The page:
With that decided, we realized that to keep the integrity of the work high while keeping the project at a manageable size—and also to meet any hope of a timely completion—we needed to narrow our user focus. It was decided that by concentrating on both the broadcast/film and games/interactive industries, we would be able to provide useful information and insights to not only users in those respective fields, but also hopefully to users in many other industries, such as architecture and design, that could benefit from the techniques covered.

Introducing Some New Authors

Then came the hard part. We found ourselves in a Catch-22 situation that I am sure is familiar to anyone in the education field. We wanted to put together a writing team of respected and accomplished artists working in production who could represent the high-end users of their field. But, of course, the people we were looking for had the least amount of time available because they were busy with production projects.

We wanted to pull together a team of artists spread all over the United States and have them write a book that required them to share files and work as if they were all artists at the same production company. It became obvious that this was going to be a tremendous undertaking—and something that, to my knowledge, had never been done before. Thankfully, despite their busy, often insane, schedules, we were able to put together a team of professionals who were not only really good at what they do, but, more importantly, also excited to take part in this ambitious endeavor.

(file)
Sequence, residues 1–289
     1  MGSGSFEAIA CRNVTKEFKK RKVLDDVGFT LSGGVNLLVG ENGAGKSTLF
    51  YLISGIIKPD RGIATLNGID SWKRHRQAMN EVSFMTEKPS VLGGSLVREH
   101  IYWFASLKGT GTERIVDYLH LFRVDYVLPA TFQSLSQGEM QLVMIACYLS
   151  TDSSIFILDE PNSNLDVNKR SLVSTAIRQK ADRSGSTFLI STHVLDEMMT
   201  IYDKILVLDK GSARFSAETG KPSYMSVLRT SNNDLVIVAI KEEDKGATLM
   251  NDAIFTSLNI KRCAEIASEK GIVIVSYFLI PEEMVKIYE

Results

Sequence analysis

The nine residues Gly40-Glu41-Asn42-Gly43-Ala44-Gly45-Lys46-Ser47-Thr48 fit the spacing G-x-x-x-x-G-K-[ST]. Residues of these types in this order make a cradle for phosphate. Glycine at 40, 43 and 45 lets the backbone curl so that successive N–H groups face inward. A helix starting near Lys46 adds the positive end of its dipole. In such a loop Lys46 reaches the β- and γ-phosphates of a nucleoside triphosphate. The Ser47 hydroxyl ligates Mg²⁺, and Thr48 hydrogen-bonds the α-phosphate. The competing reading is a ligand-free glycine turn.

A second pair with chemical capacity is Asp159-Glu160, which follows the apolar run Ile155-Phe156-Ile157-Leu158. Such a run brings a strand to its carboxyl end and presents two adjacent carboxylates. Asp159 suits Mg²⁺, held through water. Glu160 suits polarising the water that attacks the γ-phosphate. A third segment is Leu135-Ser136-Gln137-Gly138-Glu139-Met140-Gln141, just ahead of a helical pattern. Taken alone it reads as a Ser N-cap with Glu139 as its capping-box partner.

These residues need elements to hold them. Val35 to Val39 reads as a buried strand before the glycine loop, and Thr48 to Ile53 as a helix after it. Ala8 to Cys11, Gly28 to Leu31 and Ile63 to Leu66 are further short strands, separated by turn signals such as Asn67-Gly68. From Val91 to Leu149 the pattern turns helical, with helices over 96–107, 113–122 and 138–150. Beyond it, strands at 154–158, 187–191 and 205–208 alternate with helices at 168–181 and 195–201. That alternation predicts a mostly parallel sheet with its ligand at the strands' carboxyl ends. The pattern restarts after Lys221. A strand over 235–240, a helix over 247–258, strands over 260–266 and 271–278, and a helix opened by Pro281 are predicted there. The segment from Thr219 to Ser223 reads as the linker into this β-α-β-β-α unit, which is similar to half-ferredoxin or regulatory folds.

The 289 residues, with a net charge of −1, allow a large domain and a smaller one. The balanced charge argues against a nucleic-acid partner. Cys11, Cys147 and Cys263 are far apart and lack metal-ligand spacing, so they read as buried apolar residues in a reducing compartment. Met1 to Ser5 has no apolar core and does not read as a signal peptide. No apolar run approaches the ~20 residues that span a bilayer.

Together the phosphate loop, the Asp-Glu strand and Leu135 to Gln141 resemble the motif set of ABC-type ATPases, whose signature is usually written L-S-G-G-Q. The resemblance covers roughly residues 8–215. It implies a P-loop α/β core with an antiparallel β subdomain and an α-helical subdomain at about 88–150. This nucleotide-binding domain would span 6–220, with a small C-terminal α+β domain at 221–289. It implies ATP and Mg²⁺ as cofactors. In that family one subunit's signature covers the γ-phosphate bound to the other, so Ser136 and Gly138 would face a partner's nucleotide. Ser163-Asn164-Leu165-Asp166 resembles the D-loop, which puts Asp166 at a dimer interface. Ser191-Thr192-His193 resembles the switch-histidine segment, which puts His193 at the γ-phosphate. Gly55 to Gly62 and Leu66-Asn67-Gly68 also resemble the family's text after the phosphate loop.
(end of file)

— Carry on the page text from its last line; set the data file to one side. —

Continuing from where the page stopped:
The next question to be answered was what project the authors should write about. Having so many artists from different companies as authors precluded the idea of using any recently created projects from the real world, such as commercials, films, or games. So, two new projects had to be devised: one for games and interactive projects, and one for broadcast and film.